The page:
Twenty-two years ago I fulfilled one of my journalistic goals when I covered my first Olympics. That experience in Norway proved both exhilarating and exhausting. Even though I didn’t know a lutz from a klutz, figure skating was my primary assignment. As it turned out, I wound up writing more about what happened off the ice than on it while chronicling from start to finish the Tonya Harding-Nancy Kerrigan soap opera that became the most bizarre sports story of the 20th century. Talk about a five-ring circus.
That first taste of the Olympics in the quaint villages of Lillehammer and Hamar hooked me. I yearned to cover more. I was so gung-ho that I decided to give it a go two years later at the 1996 Summer Olympics in Atlanta despite having fractured my leg and ankle in seven places just two weeks before the opening ceremonies. Not a bright move on my part. After 13 sleepless nights and painful days in Hotlanta, I couldn’t take it anymore. I headed to the same emergency room where gymnast Kerri Strug had been taken after landing her gold-medal-clinching dismount on a fractured ankle. There was so much swelling in my left leg that the orthopedist had to cut my cast off. He said had I waited another day I would have risked amputation.
Fortunately, my leg healed and there would be more Olympics to cover. Along the way, I would write about the exploits of supremely gifted Rochester athletes such as Diann Roffe, Cathy Turner, Abby Wambach, Felicia and Iris Zimmermann, Kim Batten, Ryan Lochte and AJ Kitt. Their stories were every bit as compelling to me as the ones I wrote about megastars Michael Phelps, Usain Bolt and LeBron James.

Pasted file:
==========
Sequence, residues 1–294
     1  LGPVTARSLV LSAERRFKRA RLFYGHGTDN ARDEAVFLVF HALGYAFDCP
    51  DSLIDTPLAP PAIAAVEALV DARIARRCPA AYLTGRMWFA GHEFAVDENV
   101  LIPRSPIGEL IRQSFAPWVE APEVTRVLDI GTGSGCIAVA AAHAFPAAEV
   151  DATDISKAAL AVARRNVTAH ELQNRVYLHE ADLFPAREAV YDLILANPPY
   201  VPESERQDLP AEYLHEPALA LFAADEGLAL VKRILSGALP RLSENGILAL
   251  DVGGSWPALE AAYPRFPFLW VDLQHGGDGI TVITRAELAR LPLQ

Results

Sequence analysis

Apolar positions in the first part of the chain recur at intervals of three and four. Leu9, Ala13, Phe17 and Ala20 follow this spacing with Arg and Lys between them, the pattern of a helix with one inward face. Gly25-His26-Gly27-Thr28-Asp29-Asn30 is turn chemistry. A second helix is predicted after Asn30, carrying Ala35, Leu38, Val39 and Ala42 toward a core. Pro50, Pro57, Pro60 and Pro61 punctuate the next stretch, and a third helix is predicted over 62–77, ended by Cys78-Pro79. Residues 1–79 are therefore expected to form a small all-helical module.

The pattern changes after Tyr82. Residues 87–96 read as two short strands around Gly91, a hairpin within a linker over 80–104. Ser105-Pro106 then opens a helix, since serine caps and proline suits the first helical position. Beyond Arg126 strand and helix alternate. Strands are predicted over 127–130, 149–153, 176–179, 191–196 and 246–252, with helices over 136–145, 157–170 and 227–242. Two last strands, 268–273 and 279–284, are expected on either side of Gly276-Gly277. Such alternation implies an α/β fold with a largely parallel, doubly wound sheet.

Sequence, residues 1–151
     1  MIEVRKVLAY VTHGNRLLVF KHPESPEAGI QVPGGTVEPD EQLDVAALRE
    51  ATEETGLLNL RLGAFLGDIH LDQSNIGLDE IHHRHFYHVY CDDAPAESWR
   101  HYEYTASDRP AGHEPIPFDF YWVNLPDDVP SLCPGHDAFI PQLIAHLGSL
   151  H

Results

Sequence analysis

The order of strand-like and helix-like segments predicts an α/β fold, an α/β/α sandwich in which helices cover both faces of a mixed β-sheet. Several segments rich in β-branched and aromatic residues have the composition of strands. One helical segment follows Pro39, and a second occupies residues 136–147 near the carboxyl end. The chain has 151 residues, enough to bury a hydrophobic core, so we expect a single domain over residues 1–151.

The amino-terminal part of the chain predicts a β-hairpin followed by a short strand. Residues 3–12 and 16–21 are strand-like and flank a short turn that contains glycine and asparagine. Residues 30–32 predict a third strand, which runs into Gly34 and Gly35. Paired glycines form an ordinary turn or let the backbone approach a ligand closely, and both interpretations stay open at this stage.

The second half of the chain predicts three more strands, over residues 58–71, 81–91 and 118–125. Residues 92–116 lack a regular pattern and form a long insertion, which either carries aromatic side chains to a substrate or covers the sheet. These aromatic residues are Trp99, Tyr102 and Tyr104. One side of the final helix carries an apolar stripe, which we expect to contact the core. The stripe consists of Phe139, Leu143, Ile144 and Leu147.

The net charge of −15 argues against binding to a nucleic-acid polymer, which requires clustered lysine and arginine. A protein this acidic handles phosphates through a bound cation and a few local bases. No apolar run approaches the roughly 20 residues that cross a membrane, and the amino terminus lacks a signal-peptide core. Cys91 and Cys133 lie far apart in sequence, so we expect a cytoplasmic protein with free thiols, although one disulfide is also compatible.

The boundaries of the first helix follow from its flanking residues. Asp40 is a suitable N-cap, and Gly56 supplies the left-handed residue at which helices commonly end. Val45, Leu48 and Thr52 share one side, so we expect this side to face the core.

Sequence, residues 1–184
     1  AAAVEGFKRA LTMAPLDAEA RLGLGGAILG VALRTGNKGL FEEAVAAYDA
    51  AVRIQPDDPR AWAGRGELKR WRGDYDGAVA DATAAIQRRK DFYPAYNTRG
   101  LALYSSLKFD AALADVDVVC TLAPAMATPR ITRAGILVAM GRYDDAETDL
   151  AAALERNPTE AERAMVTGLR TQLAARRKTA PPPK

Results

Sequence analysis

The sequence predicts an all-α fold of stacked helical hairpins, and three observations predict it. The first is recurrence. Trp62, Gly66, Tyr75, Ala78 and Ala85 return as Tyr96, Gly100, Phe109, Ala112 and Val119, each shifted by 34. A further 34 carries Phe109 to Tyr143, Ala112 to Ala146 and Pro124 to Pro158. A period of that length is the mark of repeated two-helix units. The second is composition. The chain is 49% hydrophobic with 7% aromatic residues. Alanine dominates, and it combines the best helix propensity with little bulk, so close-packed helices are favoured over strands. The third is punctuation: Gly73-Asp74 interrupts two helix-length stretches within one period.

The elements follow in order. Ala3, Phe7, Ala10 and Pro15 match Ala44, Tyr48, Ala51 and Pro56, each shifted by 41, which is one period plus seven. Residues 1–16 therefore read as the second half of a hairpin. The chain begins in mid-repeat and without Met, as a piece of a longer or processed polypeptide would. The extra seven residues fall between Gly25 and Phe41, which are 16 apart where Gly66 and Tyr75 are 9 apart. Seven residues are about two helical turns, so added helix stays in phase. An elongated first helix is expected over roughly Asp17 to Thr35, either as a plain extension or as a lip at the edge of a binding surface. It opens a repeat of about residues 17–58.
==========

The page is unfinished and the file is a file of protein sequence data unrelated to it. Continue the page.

I will never forget the surprise cauldron lighting by Muhammad Ali in Atlanta or the thunderous drum roll that kicked off the 2008 Summer Games in Beijing. The thing I loved most about the Olympics wasn’t the pomp and circumstance or even the riveting human-interest stories, but rather the way it introduced me and readers to disparate cultures. From my personal dealings with people in Norway, Australia, Greece and China, I discovered that everyday folks of all nations are more similar than different; that we all have basically the same hopes and needs; that we are members of the same race—the human race. For three weeks, anyway, we found a way not only to get along, but to celebrate our similarities and our differences together. If only we could somehow bottle that and extrapolate it over a much longer stretch of time.
I wax nostalgic because another Olympic cauldron is scheduled to be ignited on Aug. 5, this time in Rio de Janeiro. I plan on tuning in, but I don’t feel the same anticipatory buzz I did in the past. This marks the first time the Games will be staged in South America. And the lead-up has been nothing short of disastrous. In recent months, police officers have greeted people arriving at Rio’s international airport with a banner reading: “Welcome to Hell,” as the cops fight for overtime pay from a cash-strapped government. This is hardly the message foreign visitors want to see as they prepare for an event that’s always a prime target for terrorists.